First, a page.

Babs Gordon though has always been seen and celebrated as the Batgirl by her millions of adoring fans, debuting in Detective Comics # 359 in a story entitled “The Million Dollar Debut Of Batgirl” by Gardner Fox and Carmine Infantino. Babs was introduced as the daughter of long time Batman aide – Commissioner James Gordon, she retains a doctorate in library science, is employed as the head of the Gotham City Library and possesses a photographic memory and genius level intellect.
Aside from being a popular recurring character in many DC publications, Babs didn’t get her first starring role until the “Batman Family” comic series in 1975, where she took centre stage alongside other members of the bodacious Bat clan including original Robin, Dick Grayson.
Bab’s continued her well loved run as the masked avenger up until Alan Moore’s Eisner winning one-shot “The Killing Joke“, where, in a controversial sequence of events, she was shot through the spine by the genocidal jester himself, The Joker, ultimately causing paralysis from the waist down, with the paraplegia signalling the end of her crime-fighting career… or did it?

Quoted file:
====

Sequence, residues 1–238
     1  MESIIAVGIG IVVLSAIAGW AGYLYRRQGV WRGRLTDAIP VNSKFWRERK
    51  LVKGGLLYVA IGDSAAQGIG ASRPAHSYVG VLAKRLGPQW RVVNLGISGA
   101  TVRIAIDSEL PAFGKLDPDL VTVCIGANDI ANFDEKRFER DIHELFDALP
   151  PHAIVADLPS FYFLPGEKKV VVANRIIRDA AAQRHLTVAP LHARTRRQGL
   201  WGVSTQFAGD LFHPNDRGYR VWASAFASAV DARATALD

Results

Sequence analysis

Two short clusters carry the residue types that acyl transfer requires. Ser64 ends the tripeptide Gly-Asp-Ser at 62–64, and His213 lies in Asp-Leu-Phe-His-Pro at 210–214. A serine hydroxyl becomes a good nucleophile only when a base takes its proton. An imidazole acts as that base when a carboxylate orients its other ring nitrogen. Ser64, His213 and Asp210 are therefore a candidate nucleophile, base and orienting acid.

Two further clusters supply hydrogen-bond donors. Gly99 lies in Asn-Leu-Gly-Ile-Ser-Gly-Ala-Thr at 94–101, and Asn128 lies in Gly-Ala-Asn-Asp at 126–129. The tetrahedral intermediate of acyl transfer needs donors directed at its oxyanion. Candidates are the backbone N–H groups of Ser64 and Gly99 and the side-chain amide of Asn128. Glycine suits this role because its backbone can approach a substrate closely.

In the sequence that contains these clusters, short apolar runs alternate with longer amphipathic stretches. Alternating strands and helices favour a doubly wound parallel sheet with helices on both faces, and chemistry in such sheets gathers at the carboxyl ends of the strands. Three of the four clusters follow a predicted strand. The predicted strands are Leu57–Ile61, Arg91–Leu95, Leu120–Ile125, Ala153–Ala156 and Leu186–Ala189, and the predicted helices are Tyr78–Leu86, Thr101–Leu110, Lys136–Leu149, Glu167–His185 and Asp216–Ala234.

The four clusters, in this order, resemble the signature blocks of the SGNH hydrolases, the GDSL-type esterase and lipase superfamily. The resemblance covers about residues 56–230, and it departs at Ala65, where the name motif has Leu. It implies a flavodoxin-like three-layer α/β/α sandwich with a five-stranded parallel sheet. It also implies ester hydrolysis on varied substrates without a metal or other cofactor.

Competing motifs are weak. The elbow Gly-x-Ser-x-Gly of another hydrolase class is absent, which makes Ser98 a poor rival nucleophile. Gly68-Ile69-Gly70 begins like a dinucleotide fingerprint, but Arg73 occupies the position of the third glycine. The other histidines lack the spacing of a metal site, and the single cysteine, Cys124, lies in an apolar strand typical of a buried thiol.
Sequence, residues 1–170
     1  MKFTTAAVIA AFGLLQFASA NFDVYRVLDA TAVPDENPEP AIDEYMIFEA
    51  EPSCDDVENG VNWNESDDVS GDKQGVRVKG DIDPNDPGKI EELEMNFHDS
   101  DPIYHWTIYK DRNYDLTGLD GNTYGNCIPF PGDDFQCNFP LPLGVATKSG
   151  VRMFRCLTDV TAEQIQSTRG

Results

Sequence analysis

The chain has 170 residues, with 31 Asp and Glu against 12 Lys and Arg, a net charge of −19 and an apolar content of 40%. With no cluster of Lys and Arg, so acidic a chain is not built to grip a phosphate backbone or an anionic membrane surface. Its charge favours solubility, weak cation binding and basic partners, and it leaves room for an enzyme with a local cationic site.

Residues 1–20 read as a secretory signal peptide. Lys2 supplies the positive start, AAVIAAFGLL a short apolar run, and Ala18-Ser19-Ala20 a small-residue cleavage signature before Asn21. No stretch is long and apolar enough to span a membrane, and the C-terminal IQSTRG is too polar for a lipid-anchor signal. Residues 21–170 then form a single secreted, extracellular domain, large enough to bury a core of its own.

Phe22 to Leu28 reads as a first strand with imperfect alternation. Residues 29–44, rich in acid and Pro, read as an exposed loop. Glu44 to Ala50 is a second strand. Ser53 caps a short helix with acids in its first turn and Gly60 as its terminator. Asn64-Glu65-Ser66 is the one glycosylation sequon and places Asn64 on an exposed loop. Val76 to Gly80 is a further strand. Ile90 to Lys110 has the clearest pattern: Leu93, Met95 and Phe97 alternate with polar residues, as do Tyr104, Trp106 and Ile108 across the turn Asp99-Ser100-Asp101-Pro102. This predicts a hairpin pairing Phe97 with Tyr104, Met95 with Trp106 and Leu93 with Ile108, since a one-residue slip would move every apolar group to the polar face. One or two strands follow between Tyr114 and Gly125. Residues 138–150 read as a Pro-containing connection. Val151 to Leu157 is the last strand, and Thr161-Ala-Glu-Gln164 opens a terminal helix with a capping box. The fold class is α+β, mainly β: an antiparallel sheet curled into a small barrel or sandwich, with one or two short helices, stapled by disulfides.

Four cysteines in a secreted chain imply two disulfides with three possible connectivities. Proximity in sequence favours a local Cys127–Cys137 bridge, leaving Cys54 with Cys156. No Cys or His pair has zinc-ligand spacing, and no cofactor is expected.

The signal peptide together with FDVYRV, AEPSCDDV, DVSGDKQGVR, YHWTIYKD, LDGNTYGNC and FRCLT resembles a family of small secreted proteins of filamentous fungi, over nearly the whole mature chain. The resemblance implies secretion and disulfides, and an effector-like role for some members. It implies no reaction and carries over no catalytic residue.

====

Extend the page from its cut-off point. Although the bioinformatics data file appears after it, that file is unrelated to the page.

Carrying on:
A subsequent storyline by John Ostrander and Kim Yale established Babs in a new role, as the wheelchair bound Oracle. Forming a formidable team of female Superheroes (that includes amongst its members – Black Canary and The Huntress), Babs became a behind the scenes leader and information collator as her Birds of Prey fought crime and corruption on a global scale. During this time two other ongoing versions of Batgirl took over the mantle – Cassandra Cain and then later Stephanie Brown, both had a modicum of success as the character.
In 2011, DC Comics heralded a comic wide reboot of their entire Universe of characters known as “The New 52“, the major revamp followed the “Flashpoint” paradox which brought extensive changes to their classic cadre of characters, including Batgirl/Oracle. Babs was eventually given back the use of her legs after receiving experimental surgery at a South African clinic and through rigorous physical rehabilitation. The decision to allow Babs to regain her mobility was seen by some fans as somewhat of a shame, as she had become one of the few very prominent disabled heroes in comics, but most fans were (myself included here) ecstatic to see the Batgirl prowling the rooftops of Gotham once more.
And so “Happy Birthday Babs” and here’s to another fifty years in your awe inspiring presence, oh and “hey DC Comics, how about some live action love for Babs huh? the only actress who has ever done her justice onscreen was the lovely and very much lamented, Yvonne Craig, I think it’s about time… Batgirl Returned!”